Recognized by the Clinton Global Initiative
As a commitment to action project, CELF applied this turn-key model in working with thirty New York City Public Schools over a three-year period.
To kick off the program, teacher teams from participating schools took part in an intensive three-day professional development program for sustainability education integration. During the workshop, participants received:
- Training and curriculum development expertise demonstrating how EfS supports educational goals and enhances efforts in STEM subjects.
- Assistance with curriculum development that supports individual school goals, inspired by the principles of Education for Sustainability and consistent with the new Common Core state standards.
- Strategies to connect EfS principles to each participant’s subject area and grade level and to map concepts across the curriculum.
- Best practices in EfS student assessment based on the CELF student performance indicators rubric and the NAAEE Framework for Environmental Literacy.
After completing the workshop, teacher teams worked with CELF project leaders to set goals for how they planned to incorporate sustainability into their curriculum and communities. CELF leaders followed up with site visits providing support and guidance throughout the academic year. During the program’s second year, new schools were paired with mentor schools that had succeeded in year one.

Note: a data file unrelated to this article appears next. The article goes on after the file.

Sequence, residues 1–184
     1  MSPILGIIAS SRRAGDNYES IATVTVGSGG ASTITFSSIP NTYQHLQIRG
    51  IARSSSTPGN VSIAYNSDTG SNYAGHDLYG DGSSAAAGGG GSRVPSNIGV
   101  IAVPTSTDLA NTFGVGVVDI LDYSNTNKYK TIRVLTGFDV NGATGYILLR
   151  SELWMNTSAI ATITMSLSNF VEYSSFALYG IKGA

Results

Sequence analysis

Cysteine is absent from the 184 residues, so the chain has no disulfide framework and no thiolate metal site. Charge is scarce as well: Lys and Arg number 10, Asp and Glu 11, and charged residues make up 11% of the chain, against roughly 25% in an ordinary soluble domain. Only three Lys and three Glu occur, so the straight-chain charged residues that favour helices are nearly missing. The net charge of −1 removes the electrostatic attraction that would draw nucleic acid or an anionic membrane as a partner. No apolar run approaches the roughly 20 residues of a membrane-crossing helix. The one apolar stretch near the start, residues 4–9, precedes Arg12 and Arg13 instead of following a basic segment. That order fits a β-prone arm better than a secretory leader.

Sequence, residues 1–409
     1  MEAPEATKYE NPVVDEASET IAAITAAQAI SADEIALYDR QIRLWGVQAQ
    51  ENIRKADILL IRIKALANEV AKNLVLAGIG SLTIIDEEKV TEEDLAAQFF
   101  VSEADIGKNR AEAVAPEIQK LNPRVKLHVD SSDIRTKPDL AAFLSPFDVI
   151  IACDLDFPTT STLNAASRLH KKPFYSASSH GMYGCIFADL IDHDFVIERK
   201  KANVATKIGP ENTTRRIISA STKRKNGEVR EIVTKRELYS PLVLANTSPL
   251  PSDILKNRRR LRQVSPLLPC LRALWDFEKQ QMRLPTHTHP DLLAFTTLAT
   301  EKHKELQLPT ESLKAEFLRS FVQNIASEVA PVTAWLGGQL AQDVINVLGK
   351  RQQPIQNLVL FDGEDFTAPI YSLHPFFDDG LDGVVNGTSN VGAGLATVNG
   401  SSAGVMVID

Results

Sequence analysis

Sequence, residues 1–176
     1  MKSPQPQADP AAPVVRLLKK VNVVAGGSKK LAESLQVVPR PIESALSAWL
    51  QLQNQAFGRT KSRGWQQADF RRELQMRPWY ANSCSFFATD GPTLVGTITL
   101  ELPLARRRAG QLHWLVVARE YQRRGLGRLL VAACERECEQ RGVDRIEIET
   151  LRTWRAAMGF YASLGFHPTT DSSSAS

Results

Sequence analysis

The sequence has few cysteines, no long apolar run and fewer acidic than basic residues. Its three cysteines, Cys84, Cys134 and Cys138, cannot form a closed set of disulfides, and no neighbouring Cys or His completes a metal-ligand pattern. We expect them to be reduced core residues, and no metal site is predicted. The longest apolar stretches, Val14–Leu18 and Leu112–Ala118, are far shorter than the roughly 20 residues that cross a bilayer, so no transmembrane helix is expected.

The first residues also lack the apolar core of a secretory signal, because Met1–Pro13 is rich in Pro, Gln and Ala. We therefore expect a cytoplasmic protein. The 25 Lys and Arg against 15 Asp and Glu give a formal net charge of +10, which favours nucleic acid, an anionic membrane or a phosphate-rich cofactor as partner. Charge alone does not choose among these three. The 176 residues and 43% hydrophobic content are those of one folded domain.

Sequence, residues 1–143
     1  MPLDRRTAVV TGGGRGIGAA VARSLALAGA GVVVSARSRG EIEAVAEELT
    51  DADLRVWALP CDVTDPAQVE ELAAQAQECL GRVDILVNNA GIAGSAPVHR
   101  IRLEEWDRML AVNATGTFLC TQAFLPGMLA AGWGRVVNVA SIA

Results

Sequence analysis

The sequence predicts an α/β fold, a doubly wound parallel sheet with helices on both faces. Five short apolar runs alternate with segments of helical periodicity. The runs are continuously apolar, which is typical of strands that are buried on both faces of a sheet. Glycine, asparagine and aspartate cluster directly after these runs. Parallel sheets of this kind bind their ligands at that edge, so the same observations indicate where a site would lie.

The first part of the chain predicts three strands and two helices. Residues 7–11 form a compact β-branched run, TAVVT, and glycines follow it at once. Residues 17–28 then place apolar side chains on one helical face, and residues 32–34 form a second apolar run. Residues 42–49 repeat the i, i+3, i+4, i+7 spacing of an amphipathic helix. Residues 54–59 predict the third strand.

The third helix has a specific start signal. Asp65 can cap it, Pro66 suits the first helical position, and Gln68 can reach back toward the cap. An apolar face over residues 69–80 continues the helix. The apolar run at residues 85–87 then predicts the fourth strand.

Using an EfS framework, students became active stakeholders in local environmental, social and economic justice service-learning projects. See a Sampling of Projects presented at the culminating Sustainability Fair event. In addition to the projects that each school implemented, an independent evaluator from the Harvard Graduate School of Education measured significant teacher gains in the following areas:
- Participating teachers came away with higher understanding of EfS content knowledge and made significant gains in three essential EfS teaching areas: use of community and place in lesson plans, engaging in systems thinking and in teaching about specific sustainability issues.
- Teachers also had a measurable increase in their use of STEM activities and place-based learning to teach the Big Ideas of Sustainability.
CELF continues to train NYC teachers by offering professional development programs through the DOE.
The CELF-Sustaining Education Program
In 2006, the Scarsdale School District took the groundbreaking step of initiating a district-wide program for sustainability education. Few public schools had such programs at the time. Together, we formulated an action plan, determining that the District needed to focus on three broad areas — its own ecological footprint; curriculum mapping to identify where sustainability content was already being addressed and opportunities for integration; and staff development.
More than ten years later, CELF continues its partnership with the district, leading professional development workshops for teachers and administrators through the Scarsdale Teacher’s Institute. More than 100 teachers have gone through the training, tremendously broadening the scope and number of people in the District committed to the program.
The District’s other sustainability activities to date include: